What is a Logging Equipment Operator?
Career Description Drive logging tractor or wheeled vehicle equipped with one or more accessories such as bulldozer blade, frontal shear, grapple, logging arch, cable winches, hoisting rack, or crane boom, to fell tree; to skid, load, unload, or stack logs; or to pull stumps or clear brush.
Daily Life Of a Logging Equipment Operator
- Fill out required job or shift report forms.
- Inspect equipment for safety prior to use, and perform necessary basic maintenance tasks.
- Drive crawler or wheeled tractors to drag or transport logs from felling sites to log landing areas for processing and loading.
- Calculate total board feet, cordage, or other wood measurement units, using conversion tables.
- Control hydraulic tractors equipped with tree clamps and booms to lift, swing, and bunch sheared trees.
- Drive tractors for the purpose of building or repairing logging and skid roads.
Logging Equipment Operator Required Skills
When polled, Logging Equipment Operators say the following skills are most frequently used in their jobs:
Operation and Control: Controlling operations of equipment or systems.
Operation Monitoring: Watching gauges, dials, or other indicators to make sure a machine is working properly.
Equipment Maintenance: Performing routine maintenance on equipment and determining when and what kind of maintenance is needed.
Active Listening: Giving full attention to what other people are saying, taking time to understand the points being made, asking questions as appropriate, and not interrupting at inappropriate times.
Quality Control Analysis: Conducting tests and inspections of products, services, or processes to evaluate quality or performance.
Troubleshooting: Determining causes of operating errors and deciding what to do about it.
Related Job Titles for this Occupation:
- Shovel Logger
- Skidder Driver
- Cutter Operator
- Log Hauler
- Log Truck Driver
Job Outlook for Logging Equipment Operators
There were about 39,100 jobs for Logging Equipment Operator in 2016 (in the United States). There is little to no growth in job opportunities for Logging Equipment Operator. Due to new job openings and attrition, there will be an average of 4,200 job openings in this field each year.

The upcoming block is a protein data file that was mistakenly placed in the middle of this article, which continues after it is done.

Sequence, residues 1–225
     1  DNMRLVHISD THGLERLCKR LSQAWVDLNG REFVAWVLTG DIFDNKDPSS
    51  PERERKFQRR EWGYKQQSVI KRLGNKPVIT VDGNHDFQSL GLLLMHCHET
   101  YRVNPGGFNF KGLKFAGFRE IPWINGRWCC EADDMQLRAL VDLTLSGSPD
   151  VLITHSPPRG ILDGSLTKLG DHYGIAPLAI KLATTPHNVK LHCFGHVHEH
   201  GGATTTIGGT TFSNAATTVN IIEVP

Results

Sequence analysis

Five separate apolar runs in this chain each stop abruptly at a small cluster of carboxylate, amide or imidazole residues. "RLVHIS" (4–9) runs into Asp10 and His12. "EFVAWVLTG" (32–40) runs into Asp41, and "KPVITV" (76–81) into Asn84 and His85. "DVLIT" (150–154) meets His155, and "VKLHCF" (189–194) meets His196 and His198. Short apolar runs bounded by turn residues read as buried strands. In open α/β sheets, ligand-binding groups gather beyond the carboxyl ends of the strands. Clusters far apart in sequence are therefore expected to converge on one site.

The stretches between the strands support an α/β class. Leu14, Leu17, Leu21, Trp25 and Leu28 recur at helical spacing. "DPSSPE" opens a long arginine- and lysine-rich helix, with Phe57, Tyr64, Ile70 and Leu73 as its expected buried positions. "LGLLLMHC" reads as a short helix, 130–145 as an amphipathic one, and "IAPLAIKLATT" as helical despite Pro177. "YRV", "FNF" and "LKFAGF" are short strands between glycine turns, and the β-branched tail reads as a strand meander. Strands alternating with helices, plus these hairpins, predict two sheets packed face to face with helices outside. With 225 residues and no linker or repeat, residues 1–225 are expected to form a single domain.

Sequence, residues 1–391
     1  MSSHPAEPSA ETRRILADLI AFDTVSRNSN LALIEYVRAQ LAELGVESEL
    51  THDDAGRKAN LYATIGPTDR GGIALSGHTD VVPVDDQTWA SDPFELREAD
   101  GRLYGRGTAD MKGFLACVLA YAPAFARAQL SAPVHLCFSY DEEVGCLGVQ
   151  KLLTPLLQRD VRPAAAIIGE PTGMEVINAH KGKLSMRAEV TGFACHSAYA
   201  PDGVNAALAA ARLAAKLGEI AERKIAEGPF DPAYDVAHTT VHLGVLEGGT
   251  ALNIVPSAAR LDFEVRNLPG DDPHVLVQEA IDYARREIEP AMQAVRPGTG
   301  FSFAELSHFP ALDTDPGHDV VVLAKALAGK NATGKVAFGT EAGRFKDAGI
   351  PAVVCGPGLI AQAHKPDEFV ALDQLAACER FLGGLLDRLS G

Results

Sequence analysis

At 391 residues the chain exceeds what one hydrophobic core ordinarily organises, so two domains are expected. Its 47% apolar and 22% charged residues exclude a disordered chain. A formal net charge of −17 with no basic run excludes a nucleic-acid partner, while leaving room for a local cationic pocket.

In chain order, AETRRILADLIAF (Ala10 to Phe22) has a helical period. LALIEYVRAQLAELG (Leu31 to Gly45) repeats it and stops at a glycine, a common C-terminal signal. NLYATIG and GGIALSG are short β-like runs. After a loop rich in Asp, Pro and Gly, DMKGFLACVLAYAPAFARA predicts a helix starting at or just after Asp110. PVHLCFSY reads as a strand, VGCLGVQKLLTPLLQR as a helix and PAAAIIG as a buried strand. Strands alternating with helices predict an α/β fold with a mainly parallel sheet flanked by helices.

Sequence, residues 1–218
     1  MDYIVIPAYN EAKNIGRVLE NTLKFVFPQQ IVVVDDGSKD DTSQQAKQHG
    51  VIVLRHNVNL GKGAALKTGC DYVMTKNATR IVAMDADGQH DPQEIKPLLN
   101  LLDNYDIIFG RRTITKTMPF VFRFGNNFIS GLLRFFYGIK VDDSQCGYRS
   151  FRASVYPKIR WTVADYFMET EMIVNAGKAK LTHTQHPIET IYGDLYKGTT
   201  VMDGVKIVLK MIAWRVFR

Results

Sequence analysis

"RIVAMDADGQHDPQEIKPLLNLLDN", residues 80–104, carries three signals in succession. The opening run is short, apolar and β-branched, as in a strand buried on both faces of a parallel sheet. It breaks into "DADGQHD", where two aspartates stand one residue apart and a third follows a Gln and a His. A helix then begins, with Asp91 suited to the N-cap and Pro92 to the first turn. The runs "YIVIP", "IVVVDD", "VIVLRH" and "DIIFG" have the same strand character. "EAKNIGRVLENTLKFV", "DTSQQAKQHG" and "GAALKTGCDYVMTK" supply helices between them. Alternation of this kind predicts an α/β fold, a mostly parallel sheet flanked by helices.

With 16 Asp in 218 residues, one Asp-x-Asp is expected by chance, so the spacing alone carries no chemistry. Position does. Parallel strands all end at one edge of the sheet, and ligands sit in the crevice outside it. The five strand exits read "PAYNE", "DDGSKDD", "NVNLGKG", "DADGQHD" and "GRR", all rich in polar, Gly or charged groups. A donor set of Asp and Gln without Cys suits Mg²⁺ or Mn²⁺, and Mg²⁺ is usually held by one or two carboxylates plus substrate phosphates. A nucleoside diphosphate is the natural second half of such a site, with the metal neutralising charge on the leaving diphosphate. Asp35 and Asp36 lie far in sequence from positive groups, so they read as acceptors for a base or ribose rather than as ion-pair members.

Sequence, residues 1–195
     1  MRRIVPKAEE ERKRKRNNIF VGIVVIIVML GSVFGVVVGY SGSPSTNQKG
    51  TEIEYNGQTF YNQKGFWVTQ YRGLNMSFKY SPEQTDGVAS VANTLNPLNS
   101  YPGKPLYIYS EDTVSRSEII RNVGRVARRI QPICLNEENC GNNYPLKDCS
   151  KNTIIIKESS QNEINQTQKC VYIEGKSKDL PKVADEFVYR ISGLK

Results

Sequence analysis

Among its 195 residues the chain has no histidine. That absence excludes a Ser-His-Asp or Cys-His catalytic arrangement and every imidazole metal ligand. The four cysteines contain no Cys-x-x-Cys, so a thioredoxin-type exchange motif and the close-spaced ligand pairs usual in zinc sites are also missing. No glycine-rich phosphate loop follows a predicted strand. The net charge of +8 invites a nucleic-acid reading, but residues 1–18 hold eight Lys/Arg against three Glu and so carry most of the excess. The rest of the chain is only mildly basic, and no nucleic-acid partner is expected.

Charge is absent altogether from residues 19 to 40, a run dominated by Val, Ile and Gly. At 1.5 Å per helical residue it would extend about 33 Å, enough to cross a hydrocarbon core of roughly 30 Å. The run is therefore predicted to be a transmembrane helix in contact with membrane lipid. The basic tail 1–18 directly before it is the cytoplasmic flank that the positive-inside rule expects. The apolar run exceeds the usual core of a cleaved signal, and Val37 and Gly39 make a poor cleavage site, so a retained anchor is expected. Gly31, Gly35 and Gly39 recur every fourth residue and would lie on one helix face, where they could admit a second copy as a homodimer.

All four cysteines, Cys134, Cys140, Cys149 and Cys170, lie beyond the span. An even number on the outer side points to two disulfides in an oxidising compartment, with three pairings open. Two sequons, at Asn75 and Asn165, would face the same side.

The states with the most job growth for Logging Equipment Operator are Oregon, Tennessee, and Kentucky. Watch out if you plan on working in Alaska, Georgia, or Vermont. These states have the worst job growth for this type of profession.
How Much Does a Logging Equipment Operator Make?
The average yearly salary of a Logging Equipment Operator ranges between $25,750 and $60,320.
Logging Equipment Operators who work in Idaho, Washington, or California, make the highest salaries.
Below is a list of the median annual salaries for Logging Equipment Operators in different U.S. states.
|State||Annual Mean Salary|
What Tools do Logging Equipment Operators Use?
Below is a list of the types of tools and technologies that Logging Equipment Operators may use on a daily basis:
Becoming a Logging Equipment Operator
What education or degrees do I need to become a Logging Equipment Operator?
How many years of work experience do I need?
Where Logging Equipment Operators Work
The table below shows some of the most common industries where those employed in this career field work.
Career changers with experience as a Logging Equipment Operator sometimes find work in one of the following fields:
More about our data sources and methodologies.